Rev. Brian Grieves, paragon of the pursuit of peace with justice and beloved friend and colleagues of many many years and many more to come; to

To my co Honoris Causa recipients, Bishop Tom Breidenthal and Bishop Ed Konieczny I extend my very warm congratulations even as I am truly humbled to be in your esteemed company on this occasion.

Forgive me if I have inadvertently passed any one of you by without deserved public recognition – know however you matter no less to me and that I will do almost whatever it takes to make up for my oversight!

Finally I do as I must and that is to bring into the room those absent for now and forever. I think with particular fondness of Professor Judith Berling who continues as teacher, mentor, wise one and who was once long ago my long suffering PhD supervisor! I was fortunate to spend time with Judith earlier in this week and I continue to honour her as integral to CDSP and certainly as one of the living treasures of the GTU. I think with gratitude of the late Sir Paul Reeves, former Archbishop of the church in New Zealand, whose 1994 visit to CDSP was the catalyst for my own enduring relationship.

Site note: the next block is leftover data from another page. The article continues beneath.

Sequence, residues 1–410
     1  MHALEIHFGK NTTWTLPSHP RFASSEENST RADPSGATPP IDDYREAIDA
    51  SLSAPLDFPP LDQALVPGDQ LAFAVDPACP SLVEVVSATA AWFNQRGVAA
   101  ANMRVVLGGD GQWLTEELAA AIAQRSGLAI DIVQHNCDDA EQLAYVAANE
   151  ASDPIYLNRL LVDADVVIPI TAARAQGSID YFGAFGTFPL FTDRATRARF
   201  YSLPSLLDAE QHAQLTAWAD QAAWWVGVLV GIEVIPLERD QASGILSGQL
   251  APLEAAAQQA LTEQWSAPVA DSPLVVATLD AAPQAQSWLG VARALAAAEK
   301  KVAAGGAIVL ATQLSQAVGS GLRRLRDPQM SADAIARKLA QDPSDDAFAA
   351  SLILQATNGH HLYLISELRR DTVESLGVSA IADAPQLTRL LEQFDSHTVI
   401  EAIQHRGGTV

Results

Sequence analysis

I think of all mine and Roro’s loved ones at home especially our precious little grandchildren. It is for them that daily we seek to exemplify together, something of what is indeed good and acceptable and perfect. For it is our shared understanding that ultimately it is for all the little ones of the world that we are all duty bound to teach and to model in our daily lives the critical importance of not simply speaking the truth to justice but indeed of living determinedly and bravely into its incessant and often daunting demands.

There is a lovely little story our grandchildren love to hear time and again – I am sure you will love it too if you are not already familiar with it. It is a story we use to explain the dire consequences of saying all the right things but in the end of not ever being believable. It would seem to be an appropriate leave taking offering to those about to become church leaders and to those who already are.

Here is just a little extract from one of Aesop’s’ fables entitled: Fine Words Are Not Always Equal to Fine Deeds

Once a very good lion was king of all the animals in the fields and the forests.

He was not angry or cruel or unfair, but only kind and gentle.

During his reign he made a royal proclamation to all the animals.

He laid out rules for a Universal League of animals.

In this League, the wolf would not harm the lamb, nor would the panther harm the kid.

The tiger would not hurt the deer, and the dog would not hurt the hare.

Everyone should live in perfect peace and friendship.

When the hare saw this proclamation, she said, “Oh how I have waited for this day.

How wonderful it is that the weak will stand alongside the strong without fear.”

After she said this, the hare ran away for her life.


Dr. Jenny Te Paa Daniel